Develop a Brand Centric Product Development Process
How do you know if your product development process is broken?
One good way to assess it is to see if you are getting lots of “no” answers from your team when you suggest new products. As in “No, we can’t do that,” “No, we’ve never done that before,” “No, a custom version will take too long” or “No, we don’t have a vendor for that.” These could be signs and patterns that your process and/or people are stuck. An ideal process is full of yes answers; that is, the right kind of yes answers. Below you’ll find the steps to get your process on the right track.
The solid foundation to a healthy product development process is the product fit chart. A product fit chart serves as a compass for merchants, buyers and product developers -- all when reviewing product decisions. The chart combines your brand characteristics (usually a list of brand defining adjectives), overlays of target audience needs and price ranges that suit your unique customer base.
Documented on one piece of paper, the product fit chart provides a vehicle for healthy discussion and debate about whether a product is brand enhancing or brand detracting. The best product development conversations don’t simply circle around whether a product is in or out, but delve into the deeper question of why. Why is this product ours to create or add to the line? Why haven’t our competitors done something similar? Product fit charts help clarify brand direction and enable a staff of merchants, buyers and developers to literally be on the same page as they deal with various product categories, vendors, etc. Take the time as a team to create one. Another helpful exercise is to try to create product fit charts for your top three competitors.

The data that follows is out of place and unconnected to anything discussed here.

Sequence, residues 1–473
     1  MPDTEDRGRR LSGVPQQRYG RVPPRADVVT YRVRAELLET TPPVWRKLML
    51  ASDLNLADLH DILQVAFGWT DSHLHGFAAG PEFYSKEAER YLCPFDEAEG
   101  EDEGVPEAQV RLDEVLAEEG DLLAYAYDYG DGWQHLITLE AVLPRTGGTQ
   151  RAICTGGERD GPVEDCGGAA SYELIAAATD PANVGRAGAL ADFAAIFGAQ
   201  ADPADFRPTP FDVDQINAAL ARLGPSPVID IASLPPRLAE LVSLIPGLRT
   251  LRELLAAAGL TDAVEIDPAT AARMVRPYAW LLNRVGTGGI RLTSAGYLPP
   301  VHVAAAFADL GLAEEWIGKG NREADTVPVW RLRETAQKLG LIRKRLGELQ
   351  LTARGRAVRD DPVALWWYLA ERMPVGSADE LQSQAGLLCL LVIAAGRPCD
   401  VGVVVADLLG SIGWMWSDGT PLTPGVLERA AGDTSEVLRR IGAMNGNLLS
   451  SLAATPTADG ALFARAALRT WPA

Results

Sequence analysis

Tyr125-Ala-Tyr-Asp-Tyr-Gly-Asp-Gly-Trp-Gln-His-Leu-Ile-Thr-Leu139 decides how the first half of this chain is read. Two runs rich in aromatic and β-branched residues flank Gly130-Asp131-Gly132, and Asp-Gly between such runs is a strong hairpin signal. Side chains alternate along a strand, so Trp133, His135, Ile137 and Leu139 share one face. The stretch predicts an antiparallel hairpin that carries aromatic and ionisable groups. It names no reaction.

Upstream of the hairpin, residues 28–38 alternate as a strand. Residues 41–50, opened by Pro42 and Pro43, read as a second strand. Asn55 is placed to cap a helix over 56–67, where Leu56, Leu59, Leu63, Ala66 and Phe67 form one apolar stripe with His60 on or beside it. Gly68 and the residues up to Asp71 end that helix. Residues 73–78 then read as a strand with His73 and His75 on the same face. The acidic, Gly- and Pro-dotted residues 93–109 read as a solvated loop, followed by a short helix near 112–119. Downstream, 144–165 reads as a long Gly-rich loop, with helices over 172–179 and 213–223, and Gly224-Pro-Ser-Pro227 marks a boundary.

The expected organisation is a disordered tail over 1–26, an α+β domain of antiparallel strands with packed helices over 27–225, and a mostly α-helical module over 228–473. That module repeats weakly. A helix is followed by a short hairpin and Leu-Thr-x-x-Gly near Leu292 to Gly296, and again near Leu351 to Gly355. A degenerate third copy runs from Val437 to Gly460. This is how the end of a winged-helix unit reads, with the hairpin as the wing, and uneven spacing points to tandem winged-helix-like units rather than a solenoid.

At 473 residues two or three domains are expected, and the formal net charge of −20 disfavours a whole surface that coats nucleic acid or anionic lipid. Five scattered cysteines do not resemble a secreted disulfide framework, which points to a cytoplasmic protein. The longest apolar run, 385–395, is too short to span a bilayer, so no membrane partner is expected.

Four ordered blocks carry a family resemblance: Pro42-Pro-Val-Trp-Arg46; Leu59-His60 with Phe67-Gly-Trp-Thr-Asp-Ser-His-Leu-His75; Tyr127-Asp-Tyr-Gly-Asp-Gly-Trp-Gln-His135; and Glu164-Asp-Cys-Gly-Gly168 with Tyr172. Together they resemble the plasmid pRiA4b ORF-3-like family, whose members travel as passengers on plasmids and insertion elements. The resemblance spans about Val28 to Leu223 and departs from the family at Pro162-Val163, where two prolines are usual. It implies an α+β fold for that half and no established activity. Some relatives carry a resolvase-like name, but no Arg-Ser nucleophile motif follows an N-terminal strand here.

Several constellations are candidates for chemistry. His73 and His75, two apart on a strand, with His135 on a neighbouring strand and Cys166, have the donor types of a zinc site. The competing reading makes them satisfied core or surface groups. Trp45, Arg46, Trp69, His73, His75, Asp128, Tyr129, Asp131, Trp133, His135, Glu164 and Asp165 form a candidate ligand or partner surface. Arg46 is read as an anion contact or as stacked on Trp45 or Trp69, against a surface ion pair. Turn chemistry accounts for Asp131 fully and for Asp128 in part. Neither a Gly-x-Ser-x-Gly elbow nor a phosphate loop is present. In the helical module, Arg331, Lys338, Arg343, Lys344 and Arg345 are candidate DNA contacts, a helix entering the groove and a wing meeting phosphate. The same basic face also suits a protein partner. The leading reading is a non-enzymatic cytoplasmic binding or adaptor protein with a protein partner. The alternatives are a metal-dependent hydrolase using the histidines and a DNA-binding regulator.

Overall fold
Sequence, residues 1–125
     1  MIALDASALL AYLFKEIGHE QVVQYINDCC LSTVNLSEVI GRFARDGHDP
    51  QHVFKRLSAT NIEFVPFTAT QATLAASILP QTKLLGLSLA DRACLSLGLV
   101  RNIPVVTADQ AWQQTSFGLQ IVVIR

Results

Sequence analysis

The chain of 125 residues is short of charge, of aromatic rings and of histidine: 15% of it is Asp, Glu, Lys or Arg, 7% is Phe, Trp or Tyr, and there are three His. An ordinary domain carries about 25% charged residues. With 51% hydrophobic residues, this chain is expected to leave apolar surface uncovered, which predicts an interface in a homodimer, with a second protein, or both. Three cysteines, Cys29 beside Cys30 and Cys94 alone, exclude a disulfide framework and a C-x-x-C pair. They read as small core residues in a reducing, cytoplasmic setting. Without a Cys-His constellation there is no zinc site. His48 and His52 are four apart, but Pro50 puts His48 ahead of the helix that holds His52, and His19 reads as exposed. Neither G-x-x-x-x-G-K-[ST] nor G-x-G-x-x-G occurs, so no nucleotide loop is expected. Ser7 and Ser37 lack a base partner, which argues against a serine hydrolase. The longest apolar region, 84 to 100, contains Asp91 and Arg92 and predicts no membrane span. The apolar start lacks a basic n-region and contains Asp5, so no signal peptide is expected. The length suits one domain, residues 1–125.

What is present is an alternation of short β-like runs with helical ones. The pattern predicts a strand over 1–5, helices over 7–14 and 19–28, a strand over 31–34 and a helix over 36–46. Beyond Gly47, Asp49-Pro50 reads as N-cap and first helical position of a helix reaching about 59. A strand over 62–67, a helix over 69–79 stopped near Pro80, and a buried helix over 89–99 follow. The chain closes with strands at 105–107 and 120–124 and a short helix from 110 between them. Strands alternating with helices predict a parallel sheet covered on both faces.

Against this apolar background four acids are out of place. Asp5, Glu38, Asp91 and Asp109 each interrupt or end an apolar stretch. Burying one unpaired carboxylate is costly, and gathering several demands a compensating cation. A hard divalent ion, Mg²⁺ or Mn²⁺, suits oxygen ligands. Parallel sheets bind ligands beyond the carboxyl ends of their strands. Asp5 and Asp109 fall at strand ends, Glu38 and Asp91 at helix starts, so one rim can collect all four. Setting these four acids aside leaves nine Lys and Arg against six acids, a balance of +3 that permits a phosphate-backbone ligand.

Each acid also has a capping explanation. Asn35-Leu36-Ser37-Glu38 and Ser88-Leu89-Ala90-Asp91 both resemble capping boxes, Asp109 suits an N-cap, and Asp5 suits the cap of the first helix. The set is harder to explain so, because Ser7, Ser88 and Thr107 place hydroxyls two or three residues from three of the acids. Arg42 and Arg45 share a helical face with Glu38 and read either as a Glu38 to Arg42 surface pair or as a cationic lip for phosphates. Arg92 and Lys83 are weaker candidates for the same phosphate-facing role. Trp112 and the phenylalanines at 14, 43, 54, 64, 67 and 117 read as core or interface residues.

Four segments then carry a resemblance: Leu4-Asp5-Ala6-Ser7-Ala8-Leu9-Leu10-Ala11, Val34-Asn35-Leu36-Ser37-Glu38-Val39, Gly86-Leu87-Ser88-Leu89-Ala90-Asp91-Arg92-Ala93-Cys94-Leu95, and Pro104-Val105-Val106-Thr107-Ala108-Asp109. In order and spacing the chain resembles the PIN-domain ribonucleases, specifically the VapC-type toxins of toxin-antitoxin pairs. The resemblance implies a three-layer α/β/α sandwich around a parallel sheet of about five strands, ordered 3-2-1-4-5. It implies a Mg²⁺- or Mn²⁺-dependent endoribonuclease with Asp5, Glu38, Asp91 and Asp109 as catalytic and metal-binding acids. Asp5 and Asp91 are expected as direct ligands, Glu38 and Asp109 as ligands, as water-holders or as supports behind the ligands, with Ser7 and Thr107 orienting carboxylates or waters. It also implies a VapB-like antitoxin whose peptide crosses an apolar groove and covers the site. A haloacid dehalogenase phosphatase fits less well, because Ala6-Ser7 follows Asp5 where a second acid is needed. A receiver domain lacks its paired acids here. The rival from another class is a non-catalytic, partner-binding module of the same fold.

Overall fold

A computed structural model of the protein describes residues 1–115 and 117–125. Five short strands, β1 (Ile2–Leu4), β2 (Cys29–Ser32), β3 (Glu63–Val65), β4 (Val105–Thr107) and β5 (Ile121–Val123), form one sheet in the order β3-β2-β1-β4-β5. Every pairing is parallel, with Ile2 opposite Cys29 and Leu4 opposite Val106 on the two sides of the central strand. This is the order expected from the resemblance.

With a product fit chart as your anchor, the decision-making process becomes clearer for all involved. When you apply strategic thinking at the beginning of the product conception process and new intentions can develop. More enthusiasm arises for the yes answers because they are seen as critical to the brand. Products with only so-so enthusiasm aren’t given the green light. Your merchants, buyers and product developers will have to work harder, but your product line ends up more differentiated and more relevant to your customers’ real needs.
A great deal of product research and development should occur prior to the selection process. But catalogers always should have a steady stream of products in their queue of potentials. These are products derived from actively listening to your customers — feedback from phone, e-mail, or the very best face-to-face interactions. These customer connections truly are the lifeblood of your product development process. What you hear through these interactions should be turned into vendor conversations, product prototyping and passionate sourcing.
Take time to examine your product development process thoroughly. It might just be the hidden place in your organization with the most potential for positive brand impact.
Next week: The fourth and final installment of our feature series on revamping your brand will focus on entering a new product category.
Andrea Syverson can be reached at (719) 495-2354 or via e-mail at email@example.com.